Let's see....how about a few jazz trumpet players?

Louis Armstrong and Dizzy Gillespie were a couple of pretty darned jolly geniuses.

Clifford Brown was famous for NOT being hooked on heroin during the 1950s, when nearly everyone else in the jazz world was (makes y'play more like Bird, y'see). Unfortunately he got killed in a car wreck on the Pennsylvania Turnpike in 1956, at the age of 25.
#16
Old 03-05-2006, 06:19 PM
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Originally Posted by Ukulele Ike
Well, he was funny!
:uts two and two together, gets four::

Oh -- not Karl's brother, then?
#17
Old 03-05-2006, 07:29 PM
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Quote:
Originally Posted by Campion
If my 1930s/1940s itch continues, maybe I'll look for something about him. (Although given his lack of tortured-ness, how interesting could it be? )
I've been meaning to get his autobiography, Harpo Speaks. Supposedly it's a really fun read. I've read one of Groucho's books. I wouldn't call Groucho tortured either, but he was a difficult guy for sure.
#18
Old 03-05-2006, 07:33 PM
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The ultimate disproof: William Shakespeare. Grew up in comfortable circumstances and was successful quite early. It didn't hurt his talent in the slightest.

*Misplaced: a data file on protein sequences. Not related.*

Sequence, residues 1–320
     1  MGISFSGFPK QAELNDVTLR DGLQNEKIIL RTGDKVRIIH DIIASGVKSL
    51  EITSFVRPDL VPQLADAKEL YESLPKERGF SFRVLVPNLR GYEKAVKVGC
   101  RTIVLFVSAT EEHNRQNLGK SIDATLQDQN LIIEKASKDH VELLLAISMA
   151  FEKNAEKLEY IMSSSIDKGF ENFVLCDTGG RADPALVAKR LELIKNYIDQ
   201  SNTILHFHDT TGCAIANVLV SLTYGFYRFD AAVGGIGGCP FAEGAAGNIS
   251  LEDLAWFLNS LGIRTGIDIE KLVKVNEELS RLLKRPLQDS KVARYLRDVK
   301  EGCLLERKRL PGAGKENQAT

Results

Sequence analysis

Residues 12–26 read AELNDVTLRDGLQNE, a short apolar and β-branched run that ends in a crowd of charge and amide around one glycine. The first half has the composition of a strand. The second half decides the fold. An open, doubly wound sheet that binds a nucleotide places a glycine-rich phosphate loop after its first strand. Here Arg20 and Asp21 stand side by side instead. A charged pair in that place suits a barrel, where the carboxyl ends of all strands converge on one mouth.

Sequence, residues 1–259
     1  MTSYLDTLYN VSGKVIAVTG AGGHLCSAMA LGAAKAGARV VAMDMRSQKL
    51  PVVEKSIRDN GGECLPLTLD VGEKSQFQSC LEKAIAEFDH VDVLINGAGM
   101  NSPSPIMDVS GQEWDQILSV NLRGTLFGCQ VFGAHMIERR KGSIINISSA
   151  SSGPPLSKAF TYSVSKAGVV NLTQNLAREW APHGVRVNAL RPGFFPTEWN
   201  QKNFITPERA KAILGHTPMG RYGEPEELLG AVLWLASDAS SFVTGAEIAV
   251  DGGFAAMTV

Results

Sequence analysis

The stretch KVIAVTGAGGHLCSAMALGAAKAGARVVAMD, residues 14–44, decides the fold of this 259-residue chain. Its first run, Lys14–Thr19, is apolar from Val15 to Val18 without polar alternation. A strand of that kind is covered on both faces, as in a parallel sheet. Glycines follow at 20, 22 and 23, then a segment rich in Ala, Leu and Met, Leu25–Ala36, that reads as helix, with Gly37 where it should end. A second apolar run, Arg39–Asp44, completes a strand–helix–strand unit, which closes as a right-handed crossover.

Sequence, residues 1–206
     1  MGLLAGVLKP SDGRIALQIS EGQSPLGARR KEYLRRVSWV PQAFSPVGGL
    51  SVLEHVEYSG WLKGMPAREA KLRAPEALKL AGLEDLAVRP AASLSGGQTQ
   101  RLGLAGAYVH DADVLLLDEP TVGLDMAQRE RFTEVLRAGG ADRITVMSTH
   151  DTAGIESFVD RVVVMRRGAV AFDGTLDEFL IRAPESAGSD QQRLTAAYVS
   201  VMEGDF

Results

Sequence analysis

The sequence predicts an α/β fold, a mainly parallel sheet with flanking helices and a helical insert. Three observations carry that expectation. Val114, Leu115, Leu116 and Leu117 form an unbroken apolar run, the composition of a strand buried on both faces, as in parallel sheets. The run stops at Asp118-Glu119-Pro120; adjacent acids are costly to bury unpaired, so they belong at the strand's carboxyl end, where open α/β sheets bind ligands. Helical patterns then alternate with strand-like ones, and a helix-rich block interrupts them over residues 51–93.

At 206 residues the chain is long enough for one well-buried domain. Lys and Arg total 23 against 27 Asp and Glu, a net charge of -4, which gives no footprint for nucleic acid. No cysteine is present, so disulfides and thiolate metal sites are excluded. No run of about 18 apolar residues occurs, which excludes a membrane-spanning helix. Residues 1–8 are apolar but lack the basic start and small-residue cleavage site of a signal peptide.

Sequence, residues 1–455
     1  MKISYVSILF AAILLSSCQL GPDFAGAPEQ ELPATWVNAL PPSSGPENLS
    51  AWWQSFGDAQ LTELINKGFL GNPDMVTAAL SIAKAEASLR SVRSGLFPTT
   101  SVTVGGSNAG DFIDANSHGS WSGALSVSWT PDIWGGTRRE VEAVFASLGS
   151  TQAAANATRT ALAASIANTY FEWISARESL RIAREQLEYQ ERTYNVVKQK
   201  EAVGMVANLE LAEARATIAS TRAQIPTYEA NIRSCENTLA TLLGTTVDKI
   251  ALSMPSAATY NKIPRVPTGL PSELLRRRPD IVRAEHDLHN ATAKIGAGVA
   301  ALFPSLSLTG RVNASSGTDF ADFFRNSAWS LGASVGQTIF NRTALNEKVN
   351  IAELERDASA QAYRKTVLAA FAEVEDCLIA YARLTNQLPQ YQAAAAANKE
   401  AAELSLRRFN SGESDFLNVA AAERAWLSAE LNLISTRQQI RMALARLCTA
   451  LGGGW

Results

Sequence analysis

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#19
Old 03-05-2006, 07:48 PM
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The starving, misunderstood artist with a substance-abuse problem living in his gramma's garrett is largely a conceptual product of the early 19th-c, with a few exceptions before that which were understood as exceptional (Hugo van der Goes, Fra Filippo Lippi, del Sarto, Caravaggio, Rembrandt perhaps). I'd say Goya was one of the last true innocently-tragic figures, and everyone since has been hamming it up. You mostly have absolutely bourgeois, happy, successful artists with wives and kids and nice houses like Hans Memling and Raphael and Rubens and Van Dyck and Josh Reynolds etc etc.
#20
Old 03-05-2006, 09:32 PM
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Norman Rockwell?
#21
Old 03-06-2006, 01:28 AM
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It's also probably likely that the artists from troubled backgrounds get more press and attention simply because their stories are more interesting. Say you're a soft-piece journalist/arts writer, and you have to hype two upcoming exhibitions: who's going to have the more interesting story, a former junkie from a broken home who has schizophrenia or a guy who's grown up in a comfortable middle-class existence?
#22
Old 03-06-2006, 01:52 AM